Jessica Coon (presenting joint work with Stefan Keine)
This talk offers a new take on a family of hierarchy effect-inducing configurations, with a focus on Person Case Constraint (PCC) effects (Anagnostopoulou 2005, Nevins 2007) and dative-nominative configurations (Sigurdsson & Holmberg 2008, Rezac 2008). Following previous work, we take these effects to arise in contexts in which two accessible DPs are found in the same domain as a single agreeing probe (Béjar & Rezac 2003; Anagnostopoulou 2005). We draw on Cyclic Agree in the sense of Béjar & Rezac (2009), according to which an articulated probe continues probing if at least some features are left unvalued after an Agree relation (see also Deal 2015).
Béjar & Rezac (2003) and many related accounts seek to derive hierarchy effects from an underapplication of Agree and concomitant failures of nominal licensing, formalized as a Person Licensing Condition (see also Béjar & Rezac 2009, Baker 2011, Preminger to appear). By contrast, we argue that hierarchy effects are the result of an overapplication of Agree. We propose that in hierarchy-effect inducing structures, a probe participates in more than one valuation relation, effectively “biting off more than it can chew”, a configuration we refer to as feature gluttony. Feature gluttony––i.e., the coexistence of multiple values on a single probe––can then create conflicting requirements for subsequent operations, leading to a crash.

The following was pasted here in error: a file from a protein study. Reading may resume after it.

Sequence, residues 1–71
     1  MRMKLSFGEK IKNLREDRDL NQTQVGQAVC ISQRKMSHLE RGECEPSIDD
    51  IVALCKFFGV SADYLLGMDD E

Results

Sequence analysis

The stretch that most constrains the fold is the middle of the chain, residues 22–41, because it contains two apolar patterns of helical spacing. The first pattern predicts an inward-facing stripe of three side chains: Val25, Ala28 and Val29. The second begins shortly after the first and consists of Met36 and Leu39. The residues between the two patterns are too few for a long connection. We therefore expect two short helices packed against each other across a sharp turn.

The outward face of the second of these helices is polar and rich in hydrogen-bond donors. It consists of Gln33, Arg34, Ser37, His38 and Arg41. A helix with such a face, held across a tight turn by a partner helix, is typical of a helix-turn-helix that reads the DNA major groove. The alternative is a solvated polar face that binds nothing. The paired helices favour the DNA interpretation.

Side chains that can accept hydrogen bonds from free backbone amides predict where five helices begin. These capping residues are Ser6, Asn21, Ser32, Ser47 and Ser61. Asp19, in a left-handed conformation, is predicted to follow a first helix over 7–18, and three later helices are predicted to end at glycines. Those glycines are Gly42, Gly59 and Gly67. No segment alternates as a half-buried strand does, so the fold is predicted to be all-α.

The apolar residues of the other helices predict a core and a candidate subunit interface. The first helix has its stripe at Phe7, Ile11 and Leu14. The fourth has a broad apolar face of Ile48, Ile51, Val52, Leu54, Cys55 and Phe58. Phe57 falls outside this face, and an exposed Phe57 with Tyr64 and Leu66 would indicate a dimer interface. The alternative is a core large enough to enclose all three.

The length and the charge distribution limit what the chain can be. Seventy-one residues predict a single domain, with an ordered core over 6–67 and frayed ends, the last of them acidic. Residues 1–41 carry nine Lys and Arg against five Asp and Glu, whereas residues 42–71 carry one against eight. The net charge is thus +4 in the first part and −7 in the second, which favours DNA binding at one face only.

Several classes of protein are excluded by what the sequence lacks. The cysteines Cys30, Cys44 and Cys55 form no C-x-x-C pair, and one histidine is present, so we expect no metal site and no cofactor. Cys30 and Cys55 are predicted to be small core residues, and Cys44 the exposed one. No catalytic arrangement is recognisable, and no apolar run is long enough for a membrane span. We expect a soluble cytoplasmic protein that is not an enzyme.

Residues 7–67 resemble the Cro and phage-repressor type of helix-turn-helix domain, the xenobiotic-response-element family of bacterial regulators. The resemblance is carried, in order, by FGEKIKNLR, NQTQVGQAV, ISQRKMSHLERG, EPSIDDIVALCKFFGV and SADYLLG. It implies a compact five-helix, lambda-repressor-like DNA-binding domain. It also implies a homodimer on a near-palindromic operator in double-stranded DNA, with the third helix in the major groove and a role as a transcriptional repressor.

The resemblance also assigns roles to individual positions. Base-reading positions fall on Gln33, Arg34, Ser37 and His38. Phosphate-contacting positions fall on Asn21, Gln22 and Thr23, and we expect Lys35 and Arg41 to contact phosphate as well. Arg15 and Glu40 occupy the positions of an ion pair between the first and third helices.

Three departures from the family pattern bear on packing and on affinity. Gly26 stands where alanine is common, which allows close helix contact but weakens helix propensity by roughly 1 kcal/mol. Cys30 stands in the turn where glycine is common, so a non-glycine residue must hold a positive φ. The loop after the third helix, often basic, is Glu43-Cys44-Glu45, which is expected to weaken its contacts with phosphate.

Our account captures commonalities and differences across hierarchy constructions, both in terms of the types and specifications of the features involved, as well as in the result of hierarchy violations and their possible repairs. In the case of PCC configurations, a probe which interacts with more than one DP creates an intervention problem for clitic-doubling. In violations involving agreement, gluttony in features may result in a configuration with no available morphological output (see also Atlamaz & Baker to appear). Important motivation for our account comes from the fact that hierarchy effects commonly disappear in the absence of agreement. This is unexpected on a standard licensing account, but it receives a principled explanation in terms of gluttony: because the probe that otherwise creates the conflict is absent, the conflict disappears. We conclude with possibilities for extensions to other related domains including Kichean Agent Focus (Preminger 2014), local person portmanteaux (Heath 1991; Georgi 2013), German copula constructions (Coon, Keine, and Wagner 2017), and X-and-a-half agreement phenomena (Baker 2011).